2015 has come to a close, but now we have a fresh, new year to cosplay in! Do you have all the things you need to make your cosplays or props? If you’re not sure, here’s a list of the top ten items named in last year’s Cosplay Closet Essentials interviews! This list is by no means a comprehensive list of everything needed for cosplay, but rather a list of the top things that cosplayers named as essential to a cosplayer’s costuming/fabrication arsenal.
These items are ranked in order of how many cosplayers mentioned them, but there are some ties that I broke according to which was my personal favorite (this is my opinion, not the opinion of the illustrious Talk Nerdy With Us). Also included is a list of honorable mentions that didn’t quite make the top ten but still are quite useful to all cosplayers.
10. Plenty of room: As a cosplayer myself, I can attest to the massive amount of room needed to work on cosplay. Your supplies end up everywhere, and it’s easy to take over your living space if you’re not careful. Don’t have a large enough space to work in comfortably? Consider investing in some practical storage containers that can be stacked or tucked away in a closet or corner, out-of-the-way. Take out only what you need to work on at that moment, and put things away as you finish with them.
9. Makeup kit: Whether you’re a man or a woman, the right makeup can make or break a cosplay. It’s especially essential in genderbend cosplays, though even a regular cosplay can be enhanced by a good makeup job. Need to accentuate your cheekbones or your rock-hard superhero abs? A little contouring can go a long way. Shading, highlighting…there are almost too many tricks to name!
8. Fabric steamer: You just traveled hours for the convention, and now your cosplay is wrinkled despite your careful packing. Fabric steamer to the rescue! This little device can be a lifesaver for the cosplayer in a hurry who needs that wrinkle-free look.
7. Dance tights/Spanks/Cup (for a man): Many cosplays require tight pants, and each of these items are great for those occasions. Dance tights are easy enough to find, and Spanks or a cup help prevent those embarrassing, er, bulges.
6. Sewing kit/safety pins: Okay, it happens eventually to even the best cosplayers–things rip or come apart at the seams. Hazards of the job, I guess. What do you do when this happens? Well, if you have a sewing kit and some safety pins, you get to work fixing your cosplay so you can get back to enjoying the event. As the illustrious Tim Gunn says, “Make it work!”
5. Eva foam/craft foam: Foam may sound like a flimsy medium for cosplay armor and weapons/props, but Eva foam is surprising durable and versatile. With the right kind of work and preparation, you can create some very elaborate and beautiful cosplays. It takes a bit to get the hang of it, but with practice (and online videos and tutorials) the work becomes easier.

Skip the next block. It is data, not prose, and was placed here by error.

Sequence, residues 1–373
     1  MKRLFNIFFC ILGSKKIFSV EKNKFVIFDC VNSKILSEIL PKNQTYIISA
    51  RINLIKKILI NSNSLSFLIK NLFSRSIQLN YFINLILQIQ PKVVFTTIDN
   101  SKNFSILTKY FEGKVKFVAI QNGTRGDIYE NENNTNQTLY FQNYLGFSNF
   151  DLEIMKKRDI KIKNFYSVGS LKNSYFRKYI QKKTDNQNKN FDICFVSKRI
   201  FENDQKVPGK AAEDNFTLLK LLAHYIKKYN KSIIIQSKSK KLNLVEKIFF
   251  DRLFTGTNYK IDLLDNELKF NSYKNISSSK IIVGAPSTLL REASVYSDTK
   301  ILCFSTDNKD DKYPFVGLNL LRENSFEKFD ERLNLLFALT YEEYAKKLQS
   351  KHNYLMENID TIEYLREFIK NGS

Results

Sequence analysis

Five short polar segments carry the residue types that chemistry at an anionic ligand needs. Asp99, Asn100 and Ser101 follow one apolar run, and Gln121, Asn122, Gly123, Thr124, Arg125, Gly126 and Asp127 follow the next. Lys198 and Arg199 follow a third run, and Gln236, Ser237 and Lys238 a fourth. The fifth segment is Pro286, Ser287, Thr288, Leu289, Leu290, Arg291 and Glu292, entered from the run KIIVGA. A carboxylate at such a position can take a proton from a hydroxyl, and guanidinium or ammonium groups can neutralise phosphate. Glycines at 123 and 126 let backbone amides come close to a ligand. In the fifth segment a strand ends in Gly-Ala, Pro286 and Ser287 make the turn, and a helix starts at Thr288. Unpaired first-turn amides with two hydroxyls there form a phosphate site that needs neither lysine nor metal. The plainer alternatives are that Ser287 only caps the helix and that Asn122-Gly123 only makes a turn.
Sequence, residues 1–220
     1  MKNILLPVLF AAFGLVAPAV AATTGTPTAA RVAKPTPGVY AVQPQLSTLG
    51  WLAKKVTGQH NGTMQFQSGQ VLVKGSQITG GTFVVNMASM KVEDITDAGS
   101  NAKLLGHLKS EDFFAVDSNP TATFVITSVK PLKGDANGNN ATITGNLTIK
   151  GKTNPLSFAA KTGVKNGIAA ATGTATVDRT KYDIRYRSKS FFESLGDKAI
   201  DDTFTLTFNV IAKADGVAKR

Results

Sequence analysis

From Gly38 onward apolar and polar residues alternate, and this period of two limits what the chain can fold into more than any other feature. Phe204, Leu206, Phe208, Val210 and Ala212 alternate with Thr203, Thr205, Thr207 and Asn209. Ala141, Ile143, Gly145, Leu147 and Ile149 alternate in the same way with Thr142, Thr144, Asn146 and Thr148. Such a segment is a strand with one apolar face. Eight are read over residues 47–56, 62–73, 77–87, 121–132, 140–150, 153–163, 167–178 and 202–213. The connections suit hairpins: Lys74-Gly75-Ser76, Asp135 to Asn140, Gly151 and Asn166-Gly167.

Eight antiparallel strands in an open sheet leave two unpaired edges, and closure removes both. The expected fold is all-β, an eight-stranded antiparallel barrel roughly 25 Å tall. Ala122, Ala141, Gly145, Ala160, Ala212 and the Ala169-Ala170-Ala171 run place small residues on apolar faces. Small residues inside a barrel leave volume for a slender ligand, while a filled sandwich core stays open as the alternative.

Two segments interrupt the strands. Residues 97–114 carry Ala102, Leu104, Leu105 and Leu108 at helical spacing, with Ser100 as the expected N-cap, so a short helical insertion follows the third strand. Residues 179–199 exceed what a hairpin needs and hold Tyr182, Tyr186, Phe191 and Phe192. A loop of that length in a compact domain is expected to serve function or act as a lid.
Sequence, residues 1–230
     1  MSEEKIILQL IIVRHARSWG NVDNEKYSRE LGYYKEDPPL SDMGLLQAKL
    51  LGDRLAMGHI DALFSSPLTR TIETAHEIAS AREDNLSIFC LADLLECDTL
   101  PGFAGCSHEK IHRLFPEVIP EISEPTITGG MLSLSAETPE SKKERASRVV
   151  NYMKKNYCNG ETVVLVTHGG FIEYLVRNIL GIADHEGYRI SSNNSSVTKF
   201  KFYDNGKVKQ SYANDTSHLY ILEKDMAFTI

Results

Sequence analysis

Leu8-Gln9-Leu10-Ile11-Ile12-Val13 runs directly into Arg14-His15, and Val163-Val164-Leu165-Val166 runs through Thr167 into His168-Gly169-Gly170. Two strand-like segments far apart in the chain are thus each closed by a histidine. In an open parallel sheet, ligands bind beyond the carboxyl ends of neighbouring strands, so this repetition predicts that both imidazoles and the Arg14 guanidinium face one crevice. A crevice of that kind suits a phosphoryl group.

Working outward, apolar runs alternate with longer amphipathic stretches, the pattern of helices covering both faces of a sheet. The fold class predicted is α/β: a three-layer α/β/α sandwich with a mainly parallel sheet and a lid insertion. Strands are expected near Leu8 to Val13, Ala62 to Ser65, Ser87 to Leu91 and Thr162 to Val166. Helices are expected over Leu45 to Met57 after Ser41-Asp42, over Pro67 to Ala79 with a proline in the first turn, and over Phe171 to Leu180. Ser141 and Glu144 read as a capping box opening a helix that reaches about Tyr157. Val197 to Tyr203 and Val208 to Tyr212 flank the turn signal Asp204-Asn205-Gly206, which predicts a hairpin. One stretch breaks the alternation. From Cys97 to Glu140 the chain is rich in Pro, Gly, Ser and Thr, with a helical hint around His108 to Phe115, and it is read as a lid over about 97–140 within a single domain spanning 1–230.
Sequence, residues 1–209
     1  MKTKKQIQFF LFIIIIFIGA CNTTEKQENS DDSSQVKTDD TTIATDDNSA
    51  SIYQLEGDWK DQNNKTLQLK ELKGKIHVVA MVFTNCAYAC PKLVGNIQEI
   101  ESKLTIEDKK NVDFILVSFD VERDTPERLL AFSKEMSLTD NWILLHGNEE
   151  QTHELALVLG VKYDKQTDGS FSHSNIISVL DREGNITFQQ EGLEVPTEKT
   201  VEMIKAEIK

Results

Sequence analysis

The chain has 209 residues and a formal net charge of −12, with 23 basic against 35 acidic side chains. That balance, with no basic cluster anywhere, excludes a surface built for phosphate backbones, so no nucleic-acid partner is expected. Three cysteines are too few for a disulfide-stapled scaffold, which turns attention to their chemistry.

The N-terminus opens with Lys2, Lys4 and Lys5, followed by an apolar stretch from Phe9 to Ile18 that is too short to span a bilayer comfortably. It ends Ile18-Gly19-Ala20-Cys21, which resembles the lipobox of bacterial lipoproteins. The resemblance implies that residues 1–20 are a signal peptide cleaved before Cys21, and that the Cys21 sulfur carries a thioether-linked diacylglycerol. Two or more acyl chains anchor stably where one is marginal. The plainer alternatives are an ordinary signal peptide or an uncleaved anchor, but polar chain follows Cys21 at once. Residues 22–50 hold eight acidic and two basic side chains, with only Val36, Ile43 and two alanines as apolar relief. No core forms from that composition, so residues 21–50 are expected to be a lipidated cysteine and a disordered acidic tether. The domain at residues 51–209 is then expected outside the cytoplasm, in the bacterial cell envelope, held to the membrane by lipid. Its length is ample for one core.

4. Sewing machine: Sure, not everyone knows how to use a sewing machine, but as a novice cosplayer who has only owned a sewing machine for four and a half months, it’s been my experience that it is actually fairly easy to learn if you take your time and read the manual. Not everyone makes their own costumes, and that’s okay, but if making your own cosplay is your goal, sewing machines come highly recommended. It makes garment assembly quick (and believe me, it’s easier on the hands and back than sewing everything by hand). There are a wide variety of sewing machines, from simple ones for the beginner to fancy models that have more stitch options and feet than I know what to do with.
3. Heat gun: This device is essential for many things, most notably working with the Eva and craft foam, though it has other uses. Worbla, another kind of armor/prop material, is manipulated and shaped with heat guns. This is a tool that should be used with caution, and make sure to read all instructions and watch tutorials very carefully if you are inexperienced with using a heat gun.
2. Scissors/sharp cutting instruments/cutting mat: A goodly percentage of time spent working on cosplay involves cutting out patterns and designs. These tools help make the job easier and faster, but be careful! Cosplay-related injuries can happen, so be sure you’re paying attention.
1. Glue! Whether it’s a hot glue gun, super glue, E600, or contact cement, the hands-down most often recommended cosplay essential is glue. A lot of armor and props require sticking one thing to another, and glue is, well, the glue keeps us together. Wardrobe malfunctions happen to the best of us as well, and for repairs that can’t be done with a sewing kit, glue is the thing. As with many of these essentials, you need to be careful. Don’t want to burn yourself on the hot glue gun–or melt something that isn’t supposed to be hot glued! Read the instructions on everything, and research what type of glue is appropriate for each project.
Honorable mentions go to gloves (how many superheroes wear gloves? A lot!), something to motivate you (whether it be a photo, treasured memento, or personal totem), and, last but not least, a pillow for screaming into (because let’s face it, frustrations happen).